Local Boy Scouts of America and Utah park officials are facing a discrimination lawsuit after they initially told 15-year-old Logan Blythe his project to become an Eagle Scout had been approved just to have the approval revoked later in the day. The issue surrounds the fact that Logan Blythe was born with Down syndrome and has the intellect of a four-year-old and has trouble speaking.
The lawsuit filed by the Blythes requests the Boy Scouts make accommodations for Logan to attempt to earn the rank of Eagle Scout and requests damages greater than $1.
The issues started last November when Logan and his parents celebrated with BSA officials when they were informed his Eagle Scout project had been approved, especially as becoming an Eagle Scout at 15 is something of a feat. However, Logan’s father, Chad Blythe, had to break the news to Logan the next day when he received an email from one of the Boy Scout officials they had just celebrated with saying Logan’s project — making infant care kits for newborns in the hospital — was not approved by the BSA.
Local officials instigated an unfortunate situation.
“I have been asked to suspend Logan’s Eagle Project approval,” the email said. “Please do not do any more work on his project.”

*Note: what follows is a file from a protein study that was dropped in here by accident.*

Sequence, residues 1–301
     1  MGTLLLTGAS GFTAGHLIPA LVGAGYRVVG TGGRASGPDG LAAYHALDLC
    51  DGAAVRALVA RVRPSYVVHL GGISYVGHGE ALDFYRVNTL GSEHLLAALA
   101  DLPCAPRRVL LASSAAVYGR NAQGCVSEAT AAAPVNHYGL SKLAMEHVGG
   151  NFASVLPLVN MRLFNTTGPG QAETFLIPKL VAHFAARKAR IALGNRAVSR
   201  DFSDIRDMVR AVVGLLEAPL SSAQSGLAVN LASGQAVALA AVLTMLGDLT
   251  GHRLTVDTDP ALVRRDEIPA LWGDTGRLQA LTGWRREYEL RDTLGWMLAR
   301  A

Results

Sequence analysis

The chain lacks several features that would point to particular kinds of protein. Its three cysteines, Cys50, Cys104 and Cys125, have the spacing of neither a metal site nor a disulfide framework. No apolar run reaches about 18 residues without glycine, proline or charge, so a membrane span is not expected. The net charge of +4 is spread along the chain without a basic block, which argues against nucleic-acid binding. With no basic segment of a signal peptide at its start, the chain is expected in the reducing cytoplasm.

It continued to say, “The young man MUST do the requirements as written, including leadership responsibilities. He also must be able to plan, develop and carry out his Eagle Project.”
Because of Logan’s developmental issues, the Boy Scouts allows for merit badges to be earned and awarded as long as he made an attempt to the best of his ability. However, the highest rank of Eagle Scout must be earned according to the requirements and apparently without accommodations for disabilities.
“I sincerely apologize and regret any false hope we have given,” the email reads.
An apology is all well and good but having to tell a boy with Logan’s intellect that his incredible achievement toward his dream has been quashed was a terrible position for the Boy Scout leaders to put the Blythe family in.
The lawsuit says what the local BSA officials did “was outrageous and reckless and caused Logan and the Blythes significant mental and emotional distress.”
For their part, the Boy Scouts of America issued a statement in March saying they want to work with Logan and the Blythes to accommodate his disability in order to move him through the ranks. However, Chad Blythe says they have not reached out to them to do so and believes the statement was issued to save the BSA embarrassment.
While it’s understandable for the Boy Scouts of America to hold certain standards, especially for its highest and most difficult achievement of Eagle Scout, and as their website states not all Boy Scouts will be able to achieve the rank regardless of ability, it’s sad that the Blythes are having to sue in order to get a response from the BSA.
“If we can make a change and make something positive come of all of this, then the next kid … won’t have to do what we’re doing now,” Logan’s father said, “and they won’t be hurt and let down the way Logan has been let down.”
Hopefully, the Boy Scouts — which pride themselves on being inclusive — and the Blythes can work out a program for Logan and the local officials to use as a learning experience so something like it doesn’t happen to another scout with special needs.